New measurements indicate greater mass loss from Greenland ice sheet than previous thought

by    DiveSSI    27th September 2016
2016_09_25_Groenlandeis_20130909_Russell_Gletscher_005_CoenHofstede_Bildgröße ändern
A meltwater stream on the Russell Glacier in western Greenland. Image taken during an expedition led by AWI glaciologist Coen Hofstede. (c) Coen Hofstede
2016_09_25_Groenlandeis_20140723_Store_Gletscher_050_CoenHofstede_Bildgröße ändern
Aerial view of the Store Glacier in western Greenland (Uummannaq fjord). (c) Coen Hofstede
2016_09_25_Groenlandeis_20140723_Store_Gletscher_052_CoenHofstede_Bildgröße ändern
Aerial view of the Store Glacier in western Greenland (Uummannaq fjord). (c) Coen Hofstede
2016_09_25_Groenlandeis_20130914_Russell_Gletscher_045_CoenHofstede_Bildgröße ändern
AWI glaciologist on the Russell Glacier in western Greenland. Image taken during an expedition led by AWI glaciologist Coen Hofstede. (c) Coen Hofstede

Amount of annual ice loss actually 272 Giga tons

The loss of ice mass from the Greenland ice sheet is greater than
previously thought, says a team of international researchers. According
to them, the uplift of the bedrock (called glacial isostatic
adjustment) had not been correctly taken into account when the
glaciers’ mass balance was measured by satellite previously. This means
that the amount of annual ice loss was actually 272 Giga tons (Gt) from
2004 to 2015, instead of the previously calculated amount of 253 Gt.

Their results of their study has been published in the Science Advances journal.

Such glacial isostatic uplifting is well known. For example, in
Scandinavia, some 20,000 years ago, the ice sheet extended over the
Baltic Sea to present-day Germany. It was more than a kilometre thick.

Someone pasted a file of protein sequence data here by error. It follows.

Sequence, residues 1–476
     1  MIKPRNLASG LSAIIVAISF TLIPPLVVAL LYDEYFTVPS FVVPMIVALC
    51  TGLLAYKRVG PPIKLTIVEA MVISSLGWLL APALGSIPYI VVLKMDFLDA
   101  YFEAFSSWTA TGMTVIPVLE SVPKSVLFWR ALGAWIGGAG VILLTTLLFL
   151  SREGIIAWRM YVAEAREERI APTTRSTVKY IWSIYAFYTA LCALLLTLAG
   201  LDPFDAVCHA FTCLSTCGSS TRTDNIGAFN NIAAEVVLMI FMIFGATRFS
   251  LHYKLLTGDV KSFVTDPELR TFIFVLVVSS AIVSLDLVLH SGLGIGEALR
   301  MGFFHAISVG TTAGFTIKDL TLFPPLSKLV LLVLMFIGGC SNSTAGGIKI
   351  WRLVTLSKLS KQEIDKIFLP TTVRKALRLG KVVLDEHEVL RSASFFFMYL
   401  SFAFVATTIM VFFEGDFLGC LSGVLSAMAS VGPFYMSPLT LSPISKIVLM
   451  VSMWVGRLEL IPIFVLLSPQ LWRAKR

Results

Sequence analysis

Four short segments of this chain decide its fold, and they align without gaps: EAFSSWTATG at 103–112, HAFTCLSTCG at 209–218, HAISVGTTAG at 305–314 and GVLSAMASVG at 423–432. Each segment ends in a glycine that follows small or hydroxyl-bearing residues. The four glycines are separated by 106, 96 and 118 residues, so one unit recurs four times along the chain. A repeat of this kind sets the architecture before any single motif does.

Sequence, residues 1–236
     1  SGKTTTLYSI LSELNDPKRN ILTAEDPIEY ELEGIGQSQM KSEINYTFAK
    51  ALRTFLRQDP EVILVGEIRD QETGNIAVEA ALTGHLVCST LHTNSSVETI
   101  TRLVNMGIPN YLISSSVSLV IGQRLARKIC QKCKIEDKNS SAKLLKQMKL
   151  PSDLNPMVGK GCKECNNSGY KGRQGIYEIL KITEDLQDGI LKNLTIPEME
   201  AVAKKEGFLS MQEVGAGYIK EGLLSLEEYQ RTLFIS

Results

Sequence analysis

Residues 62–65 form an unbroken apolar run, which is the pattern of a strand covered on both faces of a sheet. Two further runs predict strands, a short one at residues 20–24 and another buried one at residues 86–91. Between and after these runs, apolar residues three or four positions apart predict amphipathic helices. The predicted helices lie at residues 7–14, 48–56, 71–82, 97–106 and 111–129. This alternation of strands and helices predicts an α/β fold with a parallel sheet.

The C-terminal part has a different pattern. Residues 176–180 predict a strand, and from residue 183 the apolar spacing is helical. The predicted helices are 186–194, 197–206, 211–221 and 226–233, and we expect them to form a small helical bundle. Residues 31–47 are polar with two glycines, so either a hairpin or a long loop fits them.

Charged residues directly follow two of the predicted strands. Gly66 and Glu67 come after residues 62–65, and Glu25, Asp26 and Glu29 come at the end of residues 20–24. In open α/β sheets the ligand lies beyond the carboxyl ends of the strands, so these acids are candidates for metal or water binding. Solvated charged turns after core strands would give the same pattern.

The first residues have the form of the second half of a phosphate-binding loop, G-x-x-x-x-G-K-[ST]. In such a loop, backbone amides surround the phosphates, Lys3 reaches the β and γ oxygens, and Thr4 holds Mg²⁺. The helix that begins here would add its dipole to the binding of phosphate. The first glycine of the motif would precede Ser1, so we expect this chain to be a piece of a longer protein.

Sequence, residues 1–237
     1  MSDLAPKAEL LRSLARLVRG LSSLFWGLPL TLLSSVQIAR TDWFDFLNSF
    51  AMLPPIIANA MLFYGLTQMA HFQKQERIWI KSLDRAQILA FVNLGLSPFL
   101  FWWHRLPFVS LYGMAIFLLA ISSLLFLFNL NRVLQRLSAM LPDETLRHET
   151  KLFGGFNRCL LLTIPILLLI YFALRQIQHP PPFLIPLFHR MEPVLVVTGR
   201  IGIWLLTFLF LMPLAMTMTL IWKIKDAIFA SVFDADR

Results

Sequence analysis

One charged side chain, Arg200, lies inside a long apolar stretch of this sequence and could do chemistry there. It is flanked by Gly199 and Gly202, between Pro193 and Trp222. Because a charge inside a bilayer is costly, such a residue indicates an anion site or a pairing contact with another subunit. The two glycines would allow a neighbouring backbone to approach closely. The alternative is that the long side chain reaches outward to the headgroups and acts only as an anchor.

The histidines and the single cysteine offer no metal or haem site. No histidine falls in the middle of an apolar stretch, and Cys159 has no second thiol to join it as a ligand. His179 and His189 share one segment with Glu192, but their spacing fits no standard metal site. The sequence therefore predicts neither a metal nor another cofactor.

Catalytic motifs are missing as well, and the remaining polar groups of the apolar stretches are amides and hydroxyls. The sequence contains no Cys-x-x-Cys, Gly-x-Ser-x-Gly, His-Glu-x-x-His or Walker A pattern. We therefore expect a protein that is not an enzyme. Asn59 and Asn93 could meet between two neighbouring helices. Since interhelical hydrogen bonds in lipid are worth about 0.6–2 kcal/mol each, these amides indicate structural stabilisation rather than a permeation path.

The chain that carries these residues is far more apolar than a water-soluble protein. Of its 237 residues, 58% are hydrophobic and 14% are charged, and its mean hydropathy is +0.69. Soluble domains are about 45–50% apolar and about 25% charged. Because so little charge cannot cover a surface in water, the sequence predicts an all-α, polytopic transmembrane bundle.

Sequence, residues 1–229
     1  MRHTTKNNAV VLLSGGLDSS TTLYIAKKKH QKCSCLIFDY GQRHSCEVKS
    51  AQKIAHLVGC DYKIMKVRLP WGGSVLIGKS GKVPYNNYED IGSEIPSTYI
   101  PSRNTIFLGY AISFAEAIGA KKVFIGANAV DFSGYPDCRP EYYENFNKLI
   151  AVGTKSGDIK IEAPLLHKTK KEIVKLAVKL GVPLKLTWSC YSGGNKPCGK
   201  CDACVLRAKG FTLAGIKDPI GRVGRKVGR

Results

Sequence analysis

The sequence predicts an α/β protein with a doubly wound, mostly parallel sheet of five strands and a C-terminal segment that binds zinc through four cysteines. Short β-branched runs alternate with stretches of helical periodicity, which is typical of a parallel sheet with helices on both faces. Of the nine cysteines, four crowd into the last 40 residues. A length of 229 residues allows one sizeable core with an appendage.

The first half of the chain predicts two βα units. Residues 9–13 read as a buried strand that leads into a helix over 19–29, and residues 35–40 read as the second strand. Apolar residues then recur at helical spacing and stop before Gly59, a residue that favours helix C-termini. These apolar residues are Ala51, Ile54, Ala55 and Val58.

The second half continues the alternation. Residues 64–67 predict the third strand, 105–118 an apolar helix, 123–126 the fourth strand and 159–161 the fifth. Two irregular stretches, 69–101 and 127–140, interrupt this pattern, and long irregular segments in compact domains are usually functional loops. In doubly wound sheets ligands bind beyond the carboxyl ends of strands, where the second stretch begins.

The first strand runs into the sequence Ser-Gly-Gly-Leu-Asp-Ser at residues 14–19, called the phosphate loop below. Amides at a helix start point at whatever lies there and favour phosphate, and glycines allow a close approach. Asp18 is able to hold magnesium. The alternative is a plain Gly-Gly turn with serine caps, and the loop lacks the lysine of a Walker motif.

Similarly, Greenland was covered by much more ice in the past, and this
caused the lithosphere to be pressed downwards.

Today, this process has
been reversed and the ice sheet has risen up again. The uplift rate
depends on the thickness of the ice mass and the properties of the
lithosphere and mantle.

However, it is here that models of those times were inaccurate, as they
did not take into account Greenland’s geological past: The portion of
the Earth’s crust above Greenland had passed over a hotspot in the
mantle some 40 million years ago. As a result, the lithosphere beneath
Greenland thinned and got warmer.

Today, Iceland, with its volcanoes
and hot springs, is right above this very hotspot.

For the first time, the measurement of the uplift was made possible by
a network of GPS observation points implanted directly into the bedrock
by Associate Professor Shfaqat A Khan (of the Technical University of
Denmark) and his team, in the harsh terrain.

They also monitored the
observation points regularly. As a result, they were able to prove that
the uplift rate was significantly higher than in previous calculations.
They also detected a much larger amount of ice loss since the last ice
age: Where it was estimated that the melting Greenland ice sheet had
caused a 3.2 metre rise in sea level over the last 20,000 years, the
new study yielded a higher amount at about 4.6 metres.

The researchers had also discovered much discrepancy between the
earlier estimates and actual measurements in the northwestern and
southeastern region of Greenland.

It is likely that the climate
sensitivity there is higher than previously thought, as the glaciers in
these areas mostly carve directly into the ocean, and these regions
have the most loss of ice mass. The researchers anticipate that the
dwindling ice would contribute greatly to increased sea levels in the
coming centuries.

Link to study

Written by
DiveSSI
Date
27th September 2016
Share
COMMENTS
The post has no comments.

Leave a Reply

Your email address will not be published. Required fields are marked *

I confirm

Also by DiveSSI